The leader of our country, Prime Minister Barrow, dropped a comment at the recent Business Forum held at the Belize City Civic Center about a published paper he had read that doesn’t share the fear some economists have of heavy borrowing by governments. While no one of sound mind condemns borrowing, neither in the private or government context, countries that are carrying heavy debt burdens, like ours, are advised to step cautiously.
With three of Belize’s top foreign exchange earners down – sugar, citrus, and shrimp – we expect the Prime Minister to borrow heavily to prop up, cover shortfalls in the upcoming budget, which is slated to be presented to the nation in March.
Most financial experts agree that all systems are on go for a country with a debt to GDP ratio between 60% and 80% (debt to GDP ratio indicates the number of years a country would need to pay back its debt if the country’s GDP is dedicated entirely to paying it off). Such countries have no fear of borrowing. Most financial experts say that countries that are carrying a 90% to 100% debt to GDP ratio, as we are (the IMF estimated Belize’s debt to GDP ratio in 2018 at over 95%), should be stepping very lightly.
Belize was cautious about borrowing throughout its early existence, but between 1989 and 1993, under the PUP, we got a taste of what life could be like if we threw caution to the winds. We reverted to our old selves between 1993 and 1998, under a UDP government, but since a change in government in 1998, back to the PUP, we have been as fearless as a barracuda among sprat. Some might describe our lack of fear as reckless.
The PUP of 1998 to 2003, and then to 2008, argued that they inherited a dead economy, and so they had to do some major borrowing to kickstart it. The PUP manifesto for 1998-2003 called for the construction of thousands of houses, and new school buildings, and they borrowed heavily to import cement and steel to deliver on these promises. The PUP also borrowed heavily to rebuild sections of Belize after they were hit by hurricanes, and to defend our economy during a global recession brought on by the Americans going to war after they were attacked by commercial airplanes commandeered by Jihadist types from Arabia.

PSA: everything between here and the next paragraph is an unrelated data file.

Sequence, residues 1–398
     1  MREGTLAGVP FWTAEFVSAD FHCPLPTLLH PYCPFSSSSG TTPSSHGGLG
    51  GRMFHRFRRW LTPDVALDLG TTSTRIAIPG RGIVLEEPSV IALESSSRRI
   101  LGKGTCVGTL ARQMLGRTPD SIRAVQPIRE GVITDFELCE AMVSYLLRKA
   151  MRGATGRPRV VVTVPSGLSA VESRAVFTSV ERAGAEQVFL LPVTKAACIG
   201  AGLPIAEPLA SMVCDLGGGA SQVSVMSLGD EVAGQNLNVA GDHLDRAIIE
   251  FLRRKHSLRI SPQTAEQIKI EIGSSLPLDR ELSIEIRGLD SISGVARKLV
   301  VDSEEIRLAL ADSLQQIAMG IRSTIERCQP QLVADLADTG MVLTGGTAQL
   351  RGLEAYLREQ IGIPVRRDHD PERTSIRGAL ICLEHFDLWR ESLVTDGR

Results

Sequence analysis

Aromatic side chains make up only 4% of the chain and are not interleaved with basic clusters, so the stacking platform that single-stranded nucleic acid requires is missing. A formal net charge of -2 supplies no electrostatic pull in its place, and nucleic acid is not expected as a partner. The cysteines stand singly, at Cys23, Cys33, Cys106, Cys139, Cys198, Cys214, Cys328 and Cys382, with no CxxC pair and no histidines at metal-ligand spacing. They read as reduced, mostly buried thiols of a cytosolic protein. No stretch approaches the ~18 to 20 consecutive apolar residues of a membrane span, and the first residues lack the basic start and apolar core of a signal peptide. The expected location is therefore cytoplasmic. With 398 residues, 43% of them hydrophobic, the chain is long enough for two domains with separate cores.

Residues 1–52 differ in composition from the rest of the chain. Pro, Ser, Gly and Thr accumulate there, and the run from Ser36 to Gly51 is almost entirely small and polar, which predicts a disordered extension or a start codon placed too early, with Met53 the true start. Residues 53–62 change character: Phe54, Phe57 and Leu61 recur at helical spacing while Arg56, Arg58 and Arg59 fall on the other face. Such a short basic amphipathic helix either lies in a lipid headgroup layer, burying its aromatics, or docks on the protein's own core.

PUP borrowing was heavily criticized because they got a number of loans from private institutions, and they came at too high a price¯high interest rates and relatively short-term. It has been argued in some quarters that the PUP borrowed from private institutions because they wanted loans unfettered by the scrutiny, the conditions typically associated with the lower priced loans available from bilateral and multilateral lenders.
These high-interest loans with short repayment plans strained the economy. There was also the perception that corruption was rampant in certain quarters in that PUP government. These factors, a strained economy and corruption, led the people to turn them out of office, hand over the reins to a new UDP regime, in 2008.
The UDP government of 2008-2012 lamented over the heavy debt burden left by the previous government, and blamed it for every one of their failures. The bulk of these debts had been amalgamated into one loan by the PUP before they left office. The UDP government dubbed the combined debt a Super Bond, and despite their renegotiating it, mostly to spread the debt over a longer time period, thus reducing immediate demands on the economy, there has been no let up on their flogging it.
In every budget presentation since taking office, the UDP thrashes the debt the PUP governments of 1998-2003 and 2003-2008, left behind. We know what to expect in March.
The UDP, since taking over the reins of the country in 2008, have followed in the footsteps of the government that preceded them, except for what they have spent the loans on, and the terms of the loans they have taken. The UDP has borrowed heavily to purchase cement and steel, and asphalt, for building roads and roundabouts.